As far as the Irish go, Kelly addressed the injury suffered by junior running back Jafar Armstrong and the status of his potential return.

“Well, he’s a dynamic player; just hasn’t played very much. I don’t know if we can expect him to throw on a cape and play like Superman this weekend,” he said. “There is going to be a process of coming back, especially at the running back position. You can’t go from not playing for six weeks and have a workload of 50 plays. If we could get 20 plays out of him, that would be terrific. We’ll see how things go this week. We put him in very competitive situations. I think I talked about that after the game. We’ll see how he responds to [those] competitive situations.”

Kelly went on to talk about the unique elements Armstrong could bring to the offense if he does return in the near future.

“You know, first of all he was a trained wide receiver in high school, so we start with really good sense in the passing game, ball skills, route running,” Kelly said. “The second element is he’s explosive. When I say that, it’s a combination of speed and power. He has top end speed as good as any of the backs. He’s over 220 pounds. So explosiveness, the ability to obviously route run and catch the football. Very smart and highly competitive individual. That’s a pretty good resume for that position.”

Anna Mason | The Observer

Irish junior running back Jafar Armstrong fakes the handoff during Notre Dame’s 24-17 win over USC on November 24, 2018. Armstrong could return against the Trojans after suffering an injury on the first drive of the season opener against Louisville on Sept. 2.

Kelly talked about Notre Dame’s defense during the press conference, especially as far as the unit’s proficiency in the third quarter. Last year on the season, the unit gave up 52 total points in the third quarter, and this year it has given up six so far. Kelly talked about defensive coordinator Clark Lea’s adjustments in the second half.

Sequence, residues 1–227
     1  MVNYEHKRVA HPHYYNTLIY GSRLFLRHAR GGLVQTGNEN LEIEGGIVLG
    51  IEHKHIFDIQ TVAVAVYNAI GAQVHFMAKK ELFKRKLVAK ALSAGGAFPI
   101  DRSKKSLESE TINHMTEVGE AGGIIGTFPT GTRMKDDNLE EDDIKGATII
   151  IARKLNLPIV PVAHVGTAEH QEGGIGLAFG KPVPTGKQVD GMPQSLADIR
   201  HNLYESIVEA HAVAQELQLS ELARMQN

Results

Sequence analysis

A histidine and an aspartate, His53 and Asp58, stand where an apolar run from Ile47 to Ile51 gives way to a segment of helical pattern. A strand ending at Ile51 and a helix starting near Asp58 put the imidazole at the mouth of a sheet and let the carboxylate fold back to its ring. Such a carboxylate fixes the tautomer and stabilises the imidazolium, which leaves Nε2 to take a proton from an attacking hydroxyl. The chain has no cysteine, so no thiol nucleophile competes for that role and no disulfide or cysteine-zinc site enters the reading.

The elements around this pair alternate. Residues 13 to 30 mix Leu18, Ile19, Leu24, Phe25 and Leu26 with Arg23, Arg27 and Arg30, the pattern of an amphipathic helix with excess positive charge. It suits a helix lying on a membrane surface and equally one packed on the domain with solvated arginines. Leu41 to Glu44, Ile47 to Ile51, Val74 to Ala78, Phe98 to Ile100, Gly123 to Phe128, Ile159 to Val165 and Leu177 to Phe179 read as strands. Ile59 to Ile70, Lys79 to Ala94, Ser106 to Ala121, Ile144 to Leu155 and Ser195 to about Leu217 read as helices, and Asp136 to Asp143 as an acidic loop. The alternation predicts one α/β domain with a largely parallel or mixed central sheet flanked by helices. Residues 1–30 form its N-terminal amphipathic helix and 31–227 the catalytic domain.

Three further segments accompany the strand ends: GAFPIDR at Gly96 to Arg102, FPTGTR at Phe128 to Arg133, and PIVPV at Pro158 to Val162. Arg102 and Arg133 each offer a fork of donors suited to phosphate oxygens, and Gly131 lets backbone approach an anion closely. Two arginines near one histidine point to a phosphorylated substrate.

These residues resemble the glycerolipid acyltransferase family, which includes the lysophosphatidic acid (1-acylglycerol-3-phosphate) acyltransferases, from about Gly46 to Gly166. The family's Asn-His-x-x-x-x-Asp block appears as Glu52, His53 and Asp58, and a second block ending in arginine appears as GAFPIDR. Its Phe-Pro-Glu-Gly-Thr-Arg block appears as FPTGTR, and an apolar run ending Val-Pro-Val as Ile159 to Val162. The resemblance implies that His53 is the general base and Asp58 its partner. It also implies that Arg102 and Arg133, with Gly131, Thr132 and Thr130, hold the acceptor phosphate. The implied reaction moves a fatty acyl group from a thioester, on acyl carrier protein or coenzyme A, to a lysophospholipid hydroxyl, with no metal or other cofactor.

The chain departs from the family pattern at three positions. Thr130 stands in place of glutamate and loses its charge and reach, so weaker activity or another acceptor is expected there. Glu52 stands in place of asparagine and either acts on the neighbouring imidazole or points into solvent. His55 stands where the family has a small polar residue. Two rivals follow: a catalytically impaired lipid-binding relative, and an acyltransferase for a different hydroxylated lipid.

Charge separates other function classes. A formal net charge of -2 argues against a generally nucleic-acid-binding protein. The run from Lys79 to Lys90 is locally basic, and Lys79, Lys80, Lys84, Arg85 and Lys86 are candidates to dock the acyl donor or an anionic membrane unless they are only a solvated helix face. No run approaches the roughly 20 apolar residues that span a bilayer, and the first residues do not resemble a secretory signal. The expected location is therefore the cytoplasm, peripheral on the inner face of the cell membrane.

“I think the whole group is really good — I think that [associate head coach] Mike Elston and Clark Lea will talk first about any adjustments that need to be made in the front seven,” he said. “[Defensive pass game coordinator] Terry [Joseph] then will talk about anything that needs to happen in the back end. Real quickly, Bowling Green, we were short on a couple calls in terms of having somebody in a good position on the quarterback. One of their quarterback keeps, we didn’t have a safety in a really good position — had to make an adjustment there. We didn’t have an in-and-out call on a bunch because of a certain call. So those are the kind of adjustments that are made at halftime that are within your system of defense that you just have to apply at halftime. They all meet in my office, the defense, and I’ll listen to that and I’ll go to the offense, which is in the coach’s locker room, and that one is a little bit different because you’re chronicling libraries of plays you want to use against defensive structures you’re getting. You’re not sure what’s going to happen. We were getting a lot of pressures, so these will go well against what we’re seeing. It’s adjustments based upon what you’re seeing and where you need to make the adjustments.”

When asked about the USC rivalry and what makes it special, Kelly said it comes down to tradition.

“Going way back, obviously this game being played for so many years as an intersectional rivalry, they’re not up the street,” Kelly said. “They’re across the country. Great players have played in it. Great coaches that have coached in it. Nationally televised. So I just think the history, the tradition of it being played every year, it’s one of those rivalries that hasn’t gone away. It’s part of college football.”